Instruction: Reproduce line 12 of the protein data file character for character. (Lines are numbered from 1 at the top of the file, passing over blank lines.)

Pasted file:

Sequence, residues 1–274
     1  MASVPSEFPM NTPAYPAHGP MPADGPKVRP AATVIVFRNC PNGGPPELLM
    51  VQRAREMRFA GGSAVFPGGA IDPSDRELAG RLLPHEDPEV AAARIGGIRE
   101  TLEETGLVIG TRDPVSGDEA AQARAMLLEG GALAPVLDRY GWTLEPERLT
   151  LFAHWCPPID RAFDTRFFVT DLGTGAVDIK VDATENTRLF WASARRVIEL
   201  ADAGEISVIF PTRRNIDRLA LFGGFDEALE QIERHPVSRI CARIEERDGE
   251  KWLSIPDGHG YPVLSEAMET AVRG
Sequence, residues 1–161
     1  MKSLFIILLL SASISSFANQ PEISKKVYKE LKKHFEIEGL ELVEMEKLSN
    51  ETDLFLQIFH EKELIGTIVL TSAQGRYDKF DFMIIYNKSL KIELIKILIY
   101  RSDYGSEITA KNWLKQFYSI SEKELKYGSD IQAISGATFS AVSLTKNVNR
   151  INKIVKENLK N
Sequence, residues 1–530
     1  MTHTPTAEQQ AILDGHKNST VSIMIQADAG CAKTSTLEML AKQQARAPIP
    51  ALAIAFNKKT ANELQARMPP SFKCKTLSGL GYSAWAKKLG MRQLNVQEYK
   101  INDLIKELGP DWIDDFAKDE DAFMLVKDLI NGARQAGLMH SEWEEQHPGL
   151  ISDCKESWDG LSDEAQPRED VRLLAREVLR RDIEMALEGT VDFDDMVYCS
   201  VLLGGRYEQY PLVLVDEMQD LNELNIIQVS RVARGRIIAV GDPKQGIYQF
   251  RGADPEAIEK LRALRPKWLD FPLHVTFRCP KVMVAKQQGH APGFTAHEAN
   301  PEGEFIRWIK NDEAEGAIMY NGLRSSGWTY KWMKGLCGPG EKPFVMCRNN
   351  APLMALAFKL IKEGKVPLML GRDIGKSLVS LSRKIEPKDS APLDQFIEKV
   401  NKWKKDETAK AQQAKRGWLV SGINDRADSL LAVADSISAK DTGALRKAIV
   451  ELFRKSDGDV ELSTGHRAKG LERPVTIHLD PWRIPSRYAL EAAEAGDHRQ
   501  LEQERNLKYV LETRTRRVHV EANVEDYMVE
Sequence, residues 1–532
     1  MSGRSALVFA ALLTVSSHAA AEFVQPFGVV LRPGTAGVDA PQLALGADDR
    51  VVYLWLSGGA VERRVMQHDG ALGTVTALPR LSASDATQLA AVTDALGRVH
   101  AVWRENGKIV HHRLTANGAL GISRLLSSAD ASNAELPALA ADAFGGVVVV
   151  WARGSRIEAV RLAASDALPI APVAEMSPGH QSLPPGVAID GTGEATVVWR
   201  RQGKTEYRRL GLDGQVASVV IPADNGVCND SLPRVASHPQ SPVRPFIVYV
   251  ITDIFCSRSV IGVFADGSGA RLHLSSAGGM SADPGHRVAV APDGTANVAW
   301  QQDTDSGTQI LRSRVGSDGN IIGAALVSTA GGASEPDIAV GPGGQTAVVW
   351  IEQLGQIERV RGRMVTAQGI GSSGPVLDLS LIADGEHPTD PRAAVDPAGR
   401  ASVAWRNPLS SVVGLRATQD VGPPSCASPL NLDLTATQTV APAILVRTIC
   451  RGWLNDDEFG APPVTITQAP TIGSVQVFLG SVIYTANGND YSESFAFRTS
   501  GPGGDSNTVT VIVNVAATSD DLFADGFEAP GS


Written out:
   151  INKIVKENLK N